China credits: a challenging outlook for real estate
On September 22, China Evergrande (Evergrande), a property developer in China, announced that it had negotiated an agreement with onshore bondholders for a scheduled interest payment;¹ meanwhile, its U.S. dollar-bond interest payment due on September 23 remain unfulfilled.² Overall, weakening liquidity conditions among real estate developers still pose numerous challenges for the sector moving forward. We explore the implications of recent market volatility for real estate credits, highlighting the need for careful research and robust credit selection to identify potential long-term opportunities in the sector and the broader high-yield space.
Looking beyond a single event: the implications for the sector
Evergrande is a real estate developer with a significant operational footprint in China—it’s the second largest in the country by sales,³ and holds both onshore (Chinese yuan, CNY) and offshore (U.S. dollar, USD) debt obligations. Amid deteriorating liquidity conditions over the past few months, the issuer failed to make scheduled interest payments to banks, and, at the time of writing, continues to face the risk of a potential default.⁴
Although this company’s future remains uncertain, we believe the market’s base case—according to the current pricing of its bonds—is likely a default. Therefore, the main issue is whether the default process will be orderly or disorderly. We think the nature of the potential default should then be a key driver of China’s real estate sector outlook, which should evolve over a longer period of time.
Short term: Property developers, in general, will continue to experience tight liquidity conditions. Although we don’t believe banks will call in existing loans, they’re unlikely to extend further credit under current conditions. In addition, property developers could find it difficult to issue new bonds, both in the onshore and offshore markets.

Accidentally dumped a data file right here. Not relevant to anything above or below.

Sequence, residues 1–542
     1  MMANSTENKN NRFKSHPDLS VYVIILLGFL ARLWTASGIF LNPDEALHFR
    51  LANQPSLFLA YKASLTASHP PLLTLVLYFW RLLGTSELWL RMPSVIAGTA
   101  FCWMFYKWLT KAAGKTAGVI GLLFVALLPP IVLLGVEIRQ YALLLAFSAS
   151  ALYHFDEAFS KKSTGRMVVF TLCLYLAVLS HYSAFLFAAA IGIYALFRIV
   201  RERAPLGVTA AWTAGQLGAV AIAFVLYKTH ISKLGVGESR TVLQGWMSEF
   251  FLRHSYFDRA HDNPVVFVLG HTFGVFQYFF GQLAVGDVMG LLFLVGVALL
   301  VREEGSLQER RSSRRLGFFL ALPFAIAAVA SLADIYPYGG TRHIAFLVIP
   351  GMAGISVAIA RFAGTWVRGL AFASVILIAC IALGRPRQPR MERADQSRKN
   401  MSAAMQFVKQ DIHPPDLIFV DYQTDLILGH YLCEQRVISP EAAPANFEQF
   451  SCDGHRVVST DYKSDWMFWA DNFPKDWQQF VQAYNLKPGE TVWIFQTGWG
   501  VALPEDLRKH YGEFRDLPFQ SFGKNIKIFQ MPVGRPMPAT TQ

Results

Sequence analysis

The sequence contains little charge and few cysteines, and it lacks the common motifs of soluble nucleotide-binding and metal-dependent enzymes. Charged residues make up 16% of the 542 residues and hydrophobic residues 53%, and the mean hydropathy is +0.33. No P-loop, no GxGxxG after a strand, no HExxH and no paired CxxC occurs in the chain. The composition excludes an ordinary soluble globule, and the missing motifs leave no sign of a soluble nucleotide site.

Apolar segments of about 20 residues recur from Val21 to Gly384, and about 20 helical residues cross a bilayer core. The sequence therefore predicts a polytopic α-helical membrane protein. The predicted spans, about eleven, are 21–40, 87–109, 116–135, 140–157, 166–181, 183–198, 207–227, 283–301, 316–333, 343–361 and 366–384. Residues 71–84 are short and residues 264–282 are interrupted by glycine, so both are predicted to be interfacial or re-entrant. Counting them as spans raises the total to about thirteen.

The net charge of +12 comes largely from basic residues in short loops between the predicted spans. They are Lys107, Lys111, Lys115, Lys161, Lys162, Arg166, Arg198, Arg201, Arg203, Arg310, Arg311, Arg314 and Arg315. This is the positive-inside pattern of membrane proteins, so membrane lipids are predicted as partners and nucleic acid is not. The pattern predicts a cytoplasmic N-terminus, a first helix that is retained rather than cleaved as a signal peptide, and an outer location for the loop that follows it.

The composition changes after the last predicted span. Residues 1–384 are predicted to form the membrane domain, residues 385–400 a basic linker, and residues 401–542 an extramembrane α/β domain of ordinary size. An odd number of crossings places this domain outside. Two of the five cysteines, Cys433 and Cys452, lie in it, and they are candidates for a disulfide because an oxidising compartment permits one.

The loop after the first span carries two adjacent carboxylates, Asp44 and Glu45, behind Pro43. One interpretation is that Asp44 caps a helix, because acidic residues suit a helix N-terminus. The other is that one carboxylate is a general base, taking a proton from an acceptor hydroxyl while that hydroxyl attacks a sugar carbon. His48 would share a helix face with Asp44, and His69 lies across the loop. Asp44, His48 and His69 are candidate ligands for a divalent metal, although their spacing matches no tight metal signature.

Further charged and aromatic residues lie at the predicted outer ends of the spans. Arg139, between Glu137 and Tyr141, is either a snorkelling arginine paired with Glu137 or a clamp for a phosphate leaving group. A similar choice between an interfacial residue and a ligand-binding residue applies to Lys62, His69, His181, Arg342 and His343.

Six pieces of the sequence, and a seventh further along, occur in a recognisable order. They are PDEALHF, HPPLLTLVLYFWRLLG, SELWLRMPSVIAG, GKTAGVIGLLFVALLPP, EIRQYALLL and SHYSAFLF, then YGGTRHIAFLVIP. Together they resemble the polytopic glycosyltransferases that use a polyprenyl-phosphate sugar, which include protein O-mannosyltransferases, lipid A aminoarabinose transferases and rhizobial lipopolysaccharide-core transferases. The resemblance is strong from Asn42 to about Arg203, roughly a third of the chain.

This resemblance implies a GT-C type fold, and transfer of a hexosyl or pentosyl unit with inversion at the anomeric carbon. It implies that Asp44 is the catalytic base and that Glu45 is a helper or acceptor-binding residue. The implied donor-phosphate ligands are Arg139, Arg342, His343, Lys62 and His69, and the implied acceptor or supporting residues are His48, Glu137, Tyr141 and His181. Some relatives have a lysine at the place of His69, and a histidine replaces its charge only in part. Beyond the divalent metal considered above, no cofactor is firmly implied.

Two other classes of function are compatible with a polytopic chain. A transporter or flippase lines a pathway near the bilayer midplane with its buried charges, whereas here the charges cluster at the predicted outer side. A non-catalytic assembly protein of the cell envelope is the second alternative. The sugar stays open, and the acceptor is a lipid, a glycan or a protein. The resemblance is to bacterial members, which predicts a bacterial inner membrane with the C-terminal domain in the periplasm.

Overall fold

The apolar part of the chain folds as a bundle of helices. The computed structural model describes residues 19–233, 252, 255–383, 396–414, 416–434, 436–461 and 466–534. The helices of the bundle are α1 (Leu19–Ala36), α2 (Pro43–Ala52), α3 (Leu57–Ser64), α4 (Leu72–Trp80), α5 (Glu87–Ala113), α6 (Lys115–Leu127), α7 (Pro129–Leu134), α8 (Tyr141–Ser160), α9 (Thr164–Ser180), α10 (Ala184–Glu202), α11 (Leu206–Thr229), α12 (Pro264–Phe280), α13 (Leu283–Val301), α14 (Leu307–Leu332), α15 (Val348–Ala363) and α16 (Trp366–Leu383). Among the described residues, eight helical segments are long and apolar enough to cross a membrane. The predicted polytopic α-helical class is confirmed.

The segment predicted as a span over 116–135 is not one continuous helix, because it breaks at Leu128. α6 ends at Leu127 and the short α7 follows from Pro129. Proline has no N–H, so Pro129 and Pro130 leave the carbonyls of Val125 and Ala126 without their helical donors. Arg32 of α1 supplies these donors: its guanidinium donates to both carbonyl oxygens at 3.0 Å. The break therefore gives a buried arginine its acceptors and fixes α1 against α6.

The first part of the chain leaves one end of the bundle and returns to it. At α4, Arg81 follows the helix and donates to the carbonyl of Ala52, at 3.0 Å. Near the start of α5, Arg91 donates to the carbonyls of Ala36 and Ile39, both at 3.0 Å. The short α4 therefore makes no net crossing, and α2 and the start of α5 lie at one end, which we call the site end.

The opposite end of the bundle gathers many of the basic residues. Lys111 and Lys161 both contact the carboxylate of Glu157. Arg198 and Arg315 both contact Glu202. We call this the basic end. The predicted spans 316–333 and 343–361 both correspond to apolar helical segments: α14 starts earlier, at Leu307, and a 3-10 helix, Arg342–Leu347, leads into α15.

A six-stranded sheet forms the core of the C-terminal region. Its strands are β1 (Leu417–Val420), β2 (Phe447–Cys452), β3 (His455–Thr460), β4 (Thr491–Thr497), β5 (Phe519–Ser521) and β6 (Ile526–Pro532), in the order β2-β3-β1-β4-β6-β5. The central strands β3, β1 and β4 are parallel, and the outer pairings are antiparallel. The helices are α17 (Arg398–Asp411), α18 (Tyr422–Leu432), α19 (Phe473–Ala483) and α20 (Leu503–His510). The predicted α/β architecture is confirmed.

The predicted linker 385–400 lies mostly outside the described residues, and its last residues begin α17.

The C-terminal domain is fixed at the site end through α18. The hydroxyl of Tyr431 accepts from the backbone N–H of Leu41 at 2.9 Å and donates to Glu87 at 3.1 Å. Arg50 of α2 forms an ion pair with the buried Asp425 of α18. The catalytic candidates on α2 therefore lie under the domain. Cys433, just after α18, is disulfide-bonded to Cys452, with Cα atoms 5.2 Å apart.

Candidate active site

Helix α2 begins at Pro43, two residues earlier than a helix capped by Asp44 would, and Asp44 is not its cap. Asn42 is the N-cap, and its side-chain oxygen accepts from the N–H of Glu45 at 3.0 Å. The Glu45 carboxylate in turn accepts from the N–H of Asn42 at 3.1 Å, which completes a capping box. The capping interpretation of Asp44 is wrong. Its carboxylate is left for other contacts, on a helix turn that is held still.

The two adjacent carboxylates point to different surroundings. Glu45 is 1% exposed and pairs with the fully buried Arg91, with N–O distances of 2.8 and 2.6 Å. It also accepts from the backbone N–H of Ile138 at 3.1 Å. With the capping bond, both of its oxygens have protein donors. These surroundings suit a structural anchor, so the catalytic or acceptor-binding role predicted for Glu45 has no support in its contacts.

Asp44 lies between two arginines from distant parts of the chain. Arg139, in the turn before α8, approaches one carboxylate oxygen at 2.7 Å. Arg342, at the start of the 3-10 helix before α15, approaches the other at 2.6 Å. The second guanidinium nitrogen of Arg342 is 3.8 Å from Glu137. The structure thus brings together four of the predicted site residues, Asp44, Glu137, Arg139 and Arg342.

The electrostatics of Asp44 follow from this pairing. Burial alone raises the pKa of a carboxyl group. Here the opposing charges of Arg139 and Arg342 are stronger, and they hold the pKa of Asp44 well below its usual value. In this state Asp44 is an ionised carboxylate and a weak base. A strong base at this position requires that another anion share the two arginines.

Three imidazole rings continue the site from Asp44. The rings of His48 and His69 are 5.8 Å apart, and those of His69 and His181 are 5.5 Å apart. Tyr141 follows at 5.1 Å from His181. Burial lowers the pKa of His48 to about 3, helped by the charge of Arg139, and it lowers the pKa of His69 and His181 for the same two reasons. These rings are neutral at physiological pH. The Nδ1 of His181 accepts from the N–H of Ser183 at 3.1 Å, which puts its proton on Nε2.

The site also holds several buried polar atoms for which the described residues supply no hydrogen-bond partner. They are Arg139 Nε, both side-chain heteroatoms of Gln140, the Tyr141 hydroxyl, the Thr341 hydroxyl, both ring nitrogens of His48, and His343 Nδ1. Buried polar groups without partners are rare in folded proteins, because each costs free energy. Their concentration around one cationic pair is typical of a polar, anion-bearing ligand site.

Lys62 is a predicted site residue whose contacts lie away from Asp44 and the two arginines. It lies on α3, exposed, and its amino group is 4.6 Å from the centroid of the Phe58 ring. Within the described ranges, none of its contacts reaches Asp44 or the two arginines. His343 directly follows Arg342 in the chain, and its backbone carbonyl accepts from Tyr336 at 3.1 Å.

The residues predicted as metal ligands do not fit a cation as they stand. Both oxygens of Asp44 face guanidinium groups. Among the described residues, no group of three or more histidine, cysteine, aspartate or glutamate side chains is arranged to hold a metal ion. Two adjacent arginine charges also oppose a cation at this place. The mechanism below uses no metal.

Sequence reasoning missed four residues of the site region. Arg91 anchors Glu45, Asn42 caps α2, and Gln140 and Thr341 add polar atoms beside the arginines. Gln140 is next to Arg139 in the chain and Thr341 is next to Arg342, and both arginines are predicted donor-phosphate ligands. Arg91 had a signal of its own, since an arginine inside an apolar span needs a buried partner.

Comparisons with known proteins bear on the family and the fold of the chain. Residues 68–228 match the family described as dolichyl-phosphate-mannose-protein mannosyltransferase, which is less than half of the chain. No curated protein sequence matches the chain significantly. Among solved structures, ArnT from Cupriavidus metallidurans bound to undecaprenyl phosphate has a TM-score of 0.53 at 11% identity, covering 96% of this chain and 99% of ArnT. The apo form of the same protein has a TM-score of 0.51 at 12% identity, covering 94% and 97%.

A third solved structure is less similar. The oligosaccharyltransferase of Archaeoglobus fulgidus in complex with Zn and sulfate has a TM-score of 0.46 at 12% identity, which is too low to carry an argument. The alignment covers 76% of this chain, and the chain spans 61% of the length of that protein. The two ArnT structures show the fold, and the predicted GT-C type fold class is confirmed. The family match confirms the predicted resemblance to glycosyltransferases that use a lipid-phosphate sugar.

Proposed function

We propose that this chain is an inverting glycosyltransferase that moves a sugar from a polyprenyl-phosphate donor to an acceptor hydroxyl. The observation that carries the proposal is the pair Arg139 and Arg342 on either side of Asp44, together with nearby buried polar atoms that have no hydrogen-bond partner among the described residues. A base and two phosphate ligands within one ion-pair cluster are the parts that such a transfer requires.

Medium term: Over a longer timeframe, the specifics of a potential default should be critical as operational issues come into focus. If the default is orderly, supply chain disruptions could be minimized. Under a disorderly scenario, spillover from weakening liquidity may seep into supply chains. This will lead to increased financial stress among upstream suppliers, making it more difficult for developers to deliver projects.
Regardless of the outcome, we expect industry consolidation to accelerate during this period, and polarization should deepen as stronger property developers could purchase development projects from financially weaker competitors.
Long term: The deleveraging of the property development sector should continue as one of the benefits over the longer term. Since the release of the “three red lines"⁵ policy in August 2020, the Chinese government has actively sought to reduce the level of debt used in the sector. Although there will likely be a significant and painful transition period, we believe that the industry should ultimately emerge stronger and head into an era of sustainable growth, defined by developers with lower debt levels, more stable cash flows, and more sustainable business models.
Broader implications: mitigating systemic risk and upholding social stability remain top policy priorities
Overall, we believe that a potential default scenario should be manageable for the affected financial counterparties and the broader economy.
The Chinese government has dealt with numerous high-profile and complex financial issues in the past, including the bankruptcy of Baoshang Bank and the restructuring of HNA.⁶ In addition, the amount of affected bank and trust loans isn’t significantly high,⁷ since many of the lending banks (particularly those that are state owned) are well capitalized. For instance, the People’s Bank of China (PBoC) has conducted comprehensive annual stress testing exercises for banks, including a recent testing of the banks’ specific exposures to property developers.⁸
We think there may be potential second-order impacts if there is any disruption to the delivery of properties to homeowners, or supply chain issues that lead to an uptick in unemployment at the local level. However, in these circumstances the People’s Bank of China is likely to step in with short-term liquidity, as the Chinese government has made it clear it will mitigate systemic risk and uphold social stability.